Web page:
By Pablo Chacon Alvarez
By Ciara LaVelle
By New Times Staff
By Rich Robinson
By Hannah Sentenac
By Rich Robinson
By Nycole Sariol
By Ian Witlen
The Miami Performing Arts Center's (MPAC) official opening is still more than a year away, but beginning at dusk December 2, "Cars & Fish" MPAC's first large-scale public event will mark the inauguration of its Plaza for the Arts.
This street performance encompasses a commissioned suite of pieces that boasts several art forms, including digital video projections the size of a couple of football fields from Charles Recher, plus hypersonic and interactive musical textures by Gustavo Matamoros that will be emitted from performers that weird science has managed to turn into walking human amplifiers.
This wonderfully bizarre event will also feature a host of local kids dressed as creatures of the swamp, a parade, and something called Alligator Schmalligator, a giant creature echoing San Francisco's traditional New Year's dragons with a tropical twist. Produced by MPAC artist-in-residence David Clarkson and created by Wendy Wischer and students at the New World School of the Arts, the 35-foot-long beast will weave in and out of the envisaged crowd of spectators as the giant images and seductive music assault the senses. So why the title? Enter a very large fish, an animatronic creation set to dance to the beat of Matamoros's ambient score.
Kids on stilts begin the intense prologue to "Cars & Fish" with a parade at 6:30 p.m., bursting into the crowd and leading their slightly older fellow artists from the New World School who make up the long, winding Alligator Schmalligator. As the fluid images of Recher's light sculpture bathe the sides of the theaters with, yes, all of those promised cars and fish, Matamoros's interactive soundscape will come alive and soar depending on how close and how often the synchronized sound beams come to the living hypersonic flock of performers outfitted with high-tech sound gear.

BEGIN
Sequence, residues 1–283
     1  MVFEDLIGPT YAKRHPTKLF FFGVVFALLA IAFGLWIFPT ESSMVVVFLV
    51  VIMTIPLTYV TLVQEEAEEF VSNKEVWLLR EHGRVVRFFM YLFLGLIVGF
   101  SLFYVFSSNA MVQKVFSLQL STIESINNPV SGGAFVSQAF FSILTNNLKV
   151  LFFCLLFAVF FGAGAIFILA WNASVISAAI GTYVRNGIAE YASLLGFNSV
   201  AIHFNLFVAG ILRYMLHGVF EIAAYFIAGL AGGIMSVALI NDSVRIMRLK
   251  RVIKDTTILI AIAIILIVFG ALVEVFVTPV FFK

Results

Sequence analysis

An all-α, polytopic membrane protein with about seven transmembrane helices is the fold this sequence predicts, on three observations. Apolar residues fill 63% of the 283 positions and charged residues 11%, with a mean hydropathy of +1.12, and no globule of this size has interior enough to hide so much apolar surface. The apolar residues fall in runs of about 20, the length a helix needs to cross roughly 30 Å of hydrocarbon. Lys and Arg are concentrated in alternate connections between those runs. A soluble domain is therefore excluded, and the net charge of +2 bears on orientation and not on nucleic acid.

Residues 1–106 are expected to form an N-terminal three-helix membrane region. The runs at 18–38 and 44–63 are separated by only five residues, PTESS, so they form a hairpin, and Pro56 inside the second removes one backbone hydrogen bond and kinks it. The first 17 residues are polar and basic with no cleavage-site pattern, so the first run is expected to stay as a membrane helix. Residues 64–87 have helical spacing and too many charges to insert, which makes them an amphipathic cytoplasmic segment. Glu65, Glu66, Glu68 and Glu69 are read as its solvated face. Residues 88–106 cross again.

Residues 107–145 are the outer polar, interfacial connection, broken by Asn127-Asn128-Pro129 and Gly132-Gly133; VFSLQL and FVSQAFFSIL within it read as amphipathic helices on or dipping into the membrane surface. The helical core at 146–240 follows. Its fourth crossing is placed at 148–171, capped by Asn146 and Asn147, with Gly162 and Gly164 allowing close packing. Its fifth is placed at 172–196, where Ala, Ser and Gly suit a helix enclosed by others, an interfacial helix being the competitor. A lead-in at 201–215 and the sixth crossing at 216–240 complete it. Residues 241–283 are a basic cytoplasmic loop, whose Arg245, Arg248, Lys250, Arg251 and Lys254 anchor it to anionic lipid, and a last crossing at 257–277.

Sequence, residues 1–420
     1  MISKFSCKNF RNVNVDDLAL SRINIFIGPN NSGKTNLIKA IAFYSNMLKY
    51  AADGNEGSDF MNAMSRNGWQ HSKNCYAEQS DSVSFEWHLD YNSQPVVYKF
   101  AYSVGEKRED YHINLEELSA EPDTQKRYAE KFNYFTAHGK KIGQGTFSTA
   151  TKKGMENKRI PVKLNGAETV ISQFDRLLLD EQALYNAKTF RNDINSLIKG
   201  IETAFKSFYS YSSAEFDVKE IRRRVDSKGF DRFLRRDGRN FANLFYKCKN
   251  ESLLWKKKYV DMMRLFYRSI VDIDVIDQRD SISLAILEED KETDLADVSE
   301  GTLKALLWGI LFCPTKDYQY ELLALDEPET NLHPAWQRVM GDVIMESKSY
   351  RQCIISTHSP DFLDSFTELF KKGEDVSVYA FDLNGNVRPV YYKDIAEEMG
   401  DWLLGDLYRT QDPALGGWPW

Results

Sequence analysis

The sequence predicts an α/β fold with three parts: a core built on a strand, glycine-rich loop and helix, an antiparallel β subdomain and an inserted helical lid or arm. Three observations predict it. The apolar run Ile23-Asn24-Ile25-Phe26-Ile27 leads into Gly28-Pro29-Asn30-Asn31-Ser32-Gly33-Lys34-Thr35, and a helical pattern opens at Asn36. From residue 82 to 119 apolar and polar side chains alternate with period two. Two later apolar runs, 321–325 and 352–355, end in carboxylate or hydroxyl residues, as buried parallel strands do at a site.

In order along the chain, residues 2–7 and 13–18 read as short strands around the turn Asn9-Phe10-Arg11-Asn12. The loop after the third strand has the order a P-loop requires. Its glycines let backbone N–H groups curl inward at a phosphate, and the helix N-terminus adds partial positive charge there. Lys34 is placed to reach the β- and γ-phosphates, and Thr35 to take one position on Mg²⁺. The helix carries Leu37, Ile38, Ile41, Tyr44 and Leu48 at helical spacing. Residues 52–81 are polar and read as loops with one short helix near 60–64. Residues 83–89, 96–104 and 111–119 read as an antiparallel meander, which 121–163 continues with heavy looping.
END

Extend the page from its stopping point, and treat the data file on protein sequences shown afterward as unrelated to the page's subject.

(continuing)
This is not an official Art Basel affair but one of the many fringe events that have sprung up in sync with the four-day festival celebrating the New World's largest art market. The difference with "Cars & Fish" lies in its reach, which is not only generously multidisciplinary but also disarmingly accessible. Gargantuan images of typically South Floridian trademarks, such as fast cars, glittering fish, and gorgeous swimmers, projected onto MPAC's 150-feet-high walls give this event major mass appeal.
"'Cars & Fish' is one of what will be many interdisciplinary MPAC programs created to enhance and involve a wide spectrum of Miami's cultural community," says Justin Macdonnell, MPAC's artistic director, gushing about the event's lively representation of "local visual artists, performers, dancers, and even young children to celebrate their own city."
That's quite a crowd, and this promises to be quite a spectacle.